Tell USDA to Reject the GE Apple!
After decades of promises from the biotech industry that genetically engineered (GE) food would feed the world, cure the sick, reduce agricultural dependence on toxic chemicals, and save countless crops from imminent collapse, industry is poised to finally release a product they think will solve a problem humans have struggled with for centuries… an apple that doesn’t brown when you slice it… Seriously; we couldn’t make this stuff up.
A public comment period on the GE apple is open through December 9th.
GE apples are being touted as the best thing since…well, since sliced apples. In our homes, we just add a little lemon juice. Gosh! We have been living in the Stone Age!
While these GE apples are a waste of time and money, we don’t want to downplay the real concerns about them. Pre-sliced apples are actually a frequently recalled food product. Once the whole fruit is sliced, it has an increased risk of exposure to pathogens. Since browning is a sign that apples are no longer fresh, “masking” this natural signal could lead people to consume contaminated apples, which is why some folks are calling it the “botox apple.”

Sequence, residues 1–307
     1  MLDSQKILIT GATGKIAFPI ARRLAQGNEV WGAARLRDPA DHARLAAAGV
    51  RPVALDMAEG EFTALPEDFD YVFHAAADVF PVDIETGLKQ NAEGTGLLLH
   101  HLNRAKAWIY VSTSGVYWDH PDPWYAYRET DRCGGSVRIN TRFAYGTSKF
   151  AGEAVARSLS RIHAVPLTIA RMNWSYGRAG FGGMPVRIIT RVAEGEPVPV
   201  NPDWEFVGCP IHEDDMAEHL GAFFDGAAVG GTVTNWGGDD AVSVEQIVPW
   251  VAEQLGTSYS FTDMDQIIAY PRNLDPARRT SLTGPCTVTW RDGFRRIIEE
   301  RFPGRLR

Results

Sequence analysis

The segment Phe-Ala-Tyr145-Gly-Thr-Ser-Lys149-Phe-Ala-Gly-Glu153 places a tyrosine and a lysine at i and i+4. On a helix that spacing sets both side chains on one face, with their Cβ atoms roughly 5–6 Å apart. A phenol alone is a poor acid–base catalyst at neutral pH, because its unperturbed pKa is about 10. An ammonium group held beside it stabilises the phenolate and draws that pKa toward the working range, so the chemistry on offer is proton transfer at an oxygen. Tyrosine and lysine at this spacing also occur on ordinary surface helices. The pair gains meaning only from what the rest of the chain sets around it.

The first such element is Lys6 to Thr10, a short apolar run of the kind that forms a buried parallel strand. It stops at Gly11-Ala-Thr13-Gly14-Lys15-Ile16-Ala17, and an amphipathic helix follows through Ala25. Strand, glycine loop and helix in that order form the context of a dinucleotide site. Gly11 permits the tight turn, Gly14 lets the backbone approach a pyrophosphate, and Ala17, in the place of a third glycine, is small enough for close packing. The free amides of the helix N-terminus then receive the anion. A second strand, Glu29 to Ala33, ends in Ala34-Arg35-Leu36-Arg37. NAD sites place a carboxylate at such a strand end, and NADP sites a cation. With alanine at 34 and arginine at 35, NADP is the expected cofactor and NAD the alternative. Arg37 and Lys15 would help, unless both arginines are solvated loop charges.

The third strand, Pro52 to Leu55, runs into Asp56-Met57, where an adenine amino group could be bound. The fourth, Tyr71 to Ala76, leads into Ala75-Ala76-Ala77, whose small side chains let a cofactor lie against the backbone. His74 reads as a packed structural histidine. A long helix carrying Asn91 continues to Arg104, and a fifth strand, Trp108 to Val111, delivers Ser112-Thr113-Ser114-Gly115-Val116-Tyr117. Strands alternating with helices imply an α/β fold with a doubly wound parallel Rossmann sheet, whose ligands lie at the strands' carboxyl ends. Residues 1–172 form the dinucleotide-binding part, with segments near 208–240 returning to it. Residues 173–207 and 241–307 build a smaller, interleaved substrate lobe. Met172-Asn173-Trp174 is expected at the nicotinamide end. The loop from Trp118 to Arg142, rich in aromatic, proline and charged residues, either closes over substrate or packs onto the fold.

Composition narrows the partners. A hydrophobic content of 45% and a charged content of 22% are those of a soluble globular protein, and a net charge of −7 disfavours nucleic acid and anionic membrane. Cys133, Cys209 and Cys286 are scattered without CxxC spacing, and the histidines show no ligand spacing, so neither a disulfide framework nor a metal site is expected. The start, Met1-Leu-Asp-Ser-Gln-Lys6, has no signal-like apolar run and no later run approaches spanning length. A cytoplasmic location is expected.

Further, since FDA does no independent, pre-market safety testing of GE food there are several unanswered questions about the safety of GE apples. “Silencing” the genes that make apples turn brown when exposed to oxygen could have unintended consequences that will only be tested by hungry consumers. Although these “botox apples” are primarily targeted to the fresh-sliced apple market they could also find their way into non-GE juice, baby foods or apple sauce at the processing level, all products predominantly eaten by children and babies who are at increased risk for any adverse health effects.
Like other GE products in the U.S., no mandatory labeling would be required. While Okanagan (the manufacturer) says they’ll require growers to label their whole apples as “Arctic variety,” the government has announced no plans to require labeling of these apples as GE. If approved, Okanagan’s non-browning “Arctic” apple would be first commercialized in Granny Smith and Golden Delicious varieties, with Fuji and Gala on the horizon.
Even the apple industry has opposed this genetically engineered product. The U.S. Apple Association, Northwest Horticultural Council (which represents Washington apple growers, who grow over 60% of the apples in the U.S.), British Columbia Fruit Growers Association and other grower groups have already voiced their disapproval of these GE apples due to the negative impact they could have on farmers growing organic and non-GE apples through contamination, and to the image of the apple industry as a whole.
If the apple industry doesn’t want GE apples, and consumers don’t want GE apples, who do these apples really benefit? As usual, this product only benefits the biotech industry and big food processing companies.